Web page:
As human transitional B cells have recently been identified as CD20+ CD38+ IgD+ peripheral blood B cells (79), the isolated GC B cells might potentially be contaminated by transitional B cells. However, as only 5–15% of GC B cells express IgD and at least half of these are GC founder cells with mutated V genes (80), transitional B cells could account at most for ~5% of sorted GC B cells. Importantly, transitional B cells also express CD5+, and tonsillar CD20+ CD38+ IgD+ CD5+ B cells were found to lack CD77 expression (79, 81). Thus, our sorted CD77+ GC centroblast population is devoid of transitional B cells, and as there are no significant differences in gene expression between CD77+ and CD77 tonsillar GC B cells (77, 78), we also conclude that the gene expression profile of CD77 centrocytes is not significantly contaminated by RNA from transitional B cells.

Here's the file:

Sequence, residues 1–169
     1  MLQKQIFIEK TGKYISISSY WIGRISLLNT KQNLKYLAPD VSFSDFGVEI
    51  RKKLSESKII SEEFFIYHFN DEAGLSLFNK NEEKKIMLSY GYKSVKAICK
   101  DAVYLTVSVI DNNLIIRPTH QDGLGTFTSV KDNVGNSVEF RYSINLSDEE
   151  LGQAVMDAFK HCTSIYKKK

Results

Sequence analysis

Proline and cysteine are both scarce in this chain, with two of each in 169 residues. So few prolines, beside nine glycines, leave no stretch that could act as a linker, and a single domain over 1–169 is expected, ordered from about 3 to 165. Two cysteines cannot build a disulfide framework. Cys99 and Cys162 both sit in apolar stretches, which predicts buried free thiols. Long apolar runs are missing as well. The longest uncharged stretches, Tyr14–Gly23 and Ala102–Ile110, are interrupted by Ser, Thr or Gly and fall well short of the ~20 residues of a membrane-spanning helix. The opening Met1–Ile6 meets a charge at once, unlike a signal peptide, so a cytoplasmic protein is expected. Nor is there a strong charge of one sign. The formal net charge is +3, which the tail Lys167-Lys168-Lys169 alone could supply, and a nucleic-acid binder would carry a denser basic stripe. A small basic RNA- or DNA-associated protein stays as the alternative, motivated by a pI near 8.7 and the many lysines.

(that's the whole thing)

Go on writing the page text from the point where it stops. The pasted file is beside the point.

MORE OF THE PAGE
The total RNA of all lymphoma cases was isolated from frozen tissue sections with TRIzol (Invitrogen), followed by RNeasy Mini Kit column purification (QIAGEN) to check RNA quality with a 2100 Bioanalyzer Nano Assay (Agilent Technologies). Among the cases with good RNA quality (28S/18S ratio > 1.5; no signs of degradation in the electropherogram), 5 cases of NLPHL, 12 cases of cHL, 4 cases of TCRBL, 11 cases of DLBCL, 5 cases of FL, and 5 cases of BL, diagnosed according to the World Health Organization classification, were selected for gene expression profiling. One out of the five NLPHLs (NLPHL3) was microdissected from a lymph node taken at relapse; in another area of the lymph node, a transformation to DLBCL was observed, which was not present in the lymph node taken at disease onset and which was also subjected to microdissection and gene expression profiling (representing 1 out of the 11 DLBCLs mentioned, DLBCL3). For the analysis of B cell gene expression, we used an additional 11 profiles from human tonsillar CD4+ and CD8+ T cells that will be published as part of a future study.